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Discussion Starter #1
We very often get newcomers to the forum here who post a brief message asking about how to start preparing for a move to France. Sometimes these folks are pounced upon by some of our more "enthusiastic" forum regulars, challenging them with the same old questions - the first of which is often "Why France?"

Thought we should start a generic thread on things to consider up front when even just thinking about a voluntary move to France. (Assuming that, in a work-related move, you have your employer to fall back on for guidance, or in a student move, the demands of the program will affect your choice of venue.)

So - let's have some ideas about what you should be considering before you decide that you're moving to France. Let the games begin.

(If you have questions related to your situation, please start a new thread for your question. We need to keep this thread strictly generic.)
Cheers,
Bev
 

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Discussion Starter #2
And I'll get things started here, since I'm very often the one asking the question of newcomers.

Let's assume for this thread that we're talking exclusively post-Brexit (i.e. that British citizens will need a long-stay visa and all the related registrations that go with that).

The first thing you need to ask yourself is Why France? Wouldn't it be easier to move somewhere within your home or current country and avoid the immigration hassles, plus surround yourself with familiar things? (Especially for those in retirement.)

And also why France? And not Spain, Italy, Germany or the Netherlands?

Are you looking for someplace "close" to home so you can visit (and be visited by) friends and family? Consider the annoyances of having to change sides of the road (if you're planning on driving) or the vagaries of "seasonal" airport or train schedules. (Post-Brexit there is no guarantee that driving licenses will be exchangeable on the same basis that they are currently. Though that's a one-time issue.)

OK, I'll yield to some of the other expat "experts" here.
Cheers,
Bev
 

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Not an expert but here's my contribution.

Don't underestimate the language difficulties. Most people have school/holiday phrasebook French but to live in France and be able to cope with day to day living you really need to prepare.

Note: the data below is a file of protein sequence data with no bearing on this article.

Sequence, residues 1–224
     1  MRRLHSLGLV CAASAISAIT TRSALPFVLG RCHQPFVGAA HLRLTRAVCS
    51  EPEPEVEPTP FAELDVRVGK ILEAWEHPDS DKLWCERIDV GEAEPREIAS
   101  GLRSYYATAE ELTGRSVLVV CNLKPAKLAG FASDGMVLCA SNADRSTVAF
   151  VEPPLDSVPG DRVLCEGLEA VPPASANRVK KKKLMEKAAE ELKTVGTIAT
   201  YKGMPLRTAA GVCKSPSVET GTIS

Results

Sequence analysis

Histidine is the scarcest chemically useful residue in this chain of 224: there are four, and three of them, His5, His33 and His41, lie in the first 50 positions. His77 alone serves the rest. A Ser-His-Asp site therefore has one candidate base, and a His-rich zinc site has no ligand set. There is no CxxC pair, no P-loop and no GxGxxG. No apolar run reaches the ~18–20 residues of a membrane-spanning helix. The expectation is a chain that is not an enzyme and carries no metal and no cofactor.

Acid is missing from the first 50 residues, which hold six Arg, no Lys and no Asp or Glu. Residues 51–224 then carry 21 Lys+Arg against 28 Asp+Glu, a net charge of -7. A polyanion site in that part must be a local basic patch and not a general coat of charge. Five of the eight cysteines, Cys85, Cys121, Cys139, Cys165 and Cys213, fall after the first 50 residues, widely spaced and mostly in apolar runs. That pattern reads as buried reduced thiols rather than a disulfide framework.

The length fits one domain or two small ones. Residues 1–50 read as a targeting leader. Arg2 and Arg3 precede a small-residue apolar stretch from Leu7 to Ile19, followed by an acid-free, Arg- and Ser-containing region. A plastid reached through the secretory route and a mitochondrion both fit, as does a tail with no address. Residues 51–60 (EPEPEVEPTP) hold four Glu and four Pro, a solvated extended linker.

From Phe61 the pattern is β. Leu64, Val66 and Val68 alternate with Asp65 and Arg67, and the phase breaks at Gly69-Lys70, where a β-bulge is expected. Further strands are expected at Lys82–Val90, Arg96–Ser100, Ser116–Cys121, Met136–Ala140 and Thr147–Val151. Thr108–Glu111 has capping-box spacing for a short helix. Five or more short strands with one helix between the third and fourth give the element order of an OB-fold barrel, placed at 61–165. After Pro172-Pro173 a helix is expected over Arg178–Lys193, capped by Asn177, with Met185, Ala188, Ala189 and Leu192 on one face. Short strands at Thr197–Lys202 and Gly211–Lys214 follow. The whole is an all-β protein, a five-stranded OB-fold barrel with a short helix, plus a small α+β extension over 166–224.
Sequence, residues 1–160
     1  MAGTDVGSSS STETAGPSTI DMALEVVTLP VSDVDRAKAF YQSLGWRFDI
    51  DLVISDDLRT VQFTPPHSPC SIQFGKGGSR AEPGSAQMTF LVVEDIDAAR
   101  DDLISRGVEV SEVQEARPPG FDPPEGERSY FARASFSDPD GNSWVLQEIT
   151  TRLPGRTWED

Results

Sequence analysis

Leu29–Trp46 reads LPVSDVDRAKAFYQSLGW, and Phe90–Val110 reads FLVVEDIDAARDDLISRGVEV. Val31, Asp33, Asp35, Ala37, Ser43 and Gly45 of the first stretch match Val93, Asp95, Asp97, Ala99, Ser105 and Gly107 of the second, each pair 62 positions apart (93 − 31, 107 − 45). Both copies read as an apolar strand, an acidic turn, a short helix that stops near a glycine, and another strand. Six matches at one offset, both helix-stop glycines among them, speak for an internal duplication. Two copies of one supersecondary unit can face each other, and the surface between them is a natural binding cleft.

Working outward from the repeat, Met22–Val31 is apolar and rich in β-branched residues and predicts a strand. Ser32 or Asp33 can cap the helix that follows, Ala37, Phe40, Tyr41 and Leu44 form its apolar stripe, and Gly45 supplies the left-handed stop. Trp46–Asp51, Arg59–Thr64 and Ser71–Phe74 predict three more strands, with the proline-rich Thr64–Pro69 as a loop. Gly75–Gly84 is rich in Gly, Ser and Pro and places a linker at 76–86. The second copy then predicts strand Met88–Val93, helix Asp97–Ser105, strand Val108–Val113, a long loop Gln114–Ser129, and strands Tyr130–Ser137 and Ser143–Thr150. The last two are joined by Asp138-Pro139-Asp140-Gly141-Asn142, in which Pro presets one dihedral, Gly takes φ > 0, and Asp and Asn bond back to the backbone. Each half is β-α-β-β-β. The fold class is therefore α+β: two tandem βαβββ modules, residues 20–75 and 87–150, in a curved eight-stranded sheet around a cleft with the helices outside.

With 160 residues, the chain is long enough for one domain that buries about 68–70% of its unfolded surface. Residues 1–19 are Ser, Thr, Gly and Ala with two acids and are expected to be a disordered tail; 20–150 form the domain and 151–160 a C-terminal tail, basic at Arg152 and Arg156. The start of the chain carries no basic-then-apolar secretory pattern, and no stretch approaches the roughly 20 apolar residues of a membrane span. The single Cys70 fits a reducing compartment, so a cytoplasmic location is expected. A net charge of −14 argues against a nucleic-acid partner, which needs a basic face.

Obviously you can get by with little, but the frustrations will be endless and you may end up avoiding contact rather than seeking it out which is counterproductive.

So if possible learn as much as you can before you make the move.
 

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For me, the biggest challenge was recovering from the financial blip caused by changing countries and having to adjust, so I'll chip in on this aspect.

What will your revenue sources be?

Have you looked at how income tax is calculated in France? Also the so-called 'social charges'? And social security contributions if you will be working? Social charges in France are probably the highest in the EU, whereas in the UK they're lower than average, so the difference is noticeable.

If you're relying on unearned income and it's on the low side, have you checked out France's minimum income requirement and are you confident you have enough of a cushion in case the exchange rate heads south? (this applies if you move under FoM, if you go through immigration it will be checked for you by the authorities)

If you're planning to carry over your current activity from the UK, either as an employee or self employed or business owner, have you looked into that side of things? Moving to France means you are fiscally resident here and you have to comply with French law, which is not necessarily the same as UK law, and international treaties if applicable. You can't just carry on as if you still lived in the UK. (again, only an issue really if you move under FoM and nobody checks to see you are doing things correctly and meeting your obligations)
 

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Not an expert but here's my contribution.

Don't underestimate the language difficulties. Most people have school/holiday phrasebook French but to live in France and be able to cope with day to day living you really need to prepare.

Obviously you can get by with little, but the frustrations will be endless and you may end up avoiding contact rather than seeking it out which is counterproductive.

So if possible learn as much as you can before you make the move.
I think that Verité nails the most important thing. To have a full life here and enjoy everything that France offers (and as noted above, to avoid a lot of frustrations) , you must be proficient in the language. If you are not prepared to make the effort necessary to do that, then you really need to think twice about coming here.
 

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I can't turn this into a question exactly, but my main piece of advice would be, Never assume anything.
So many people say "We're coming to France and we're going to do this that and the other", they sound so sure about it all like it's all decided, and as soon as you read it you think: "But you can't do that here" or "Well there's nothing to stop you but I just don't think it will work, because X Y and Z".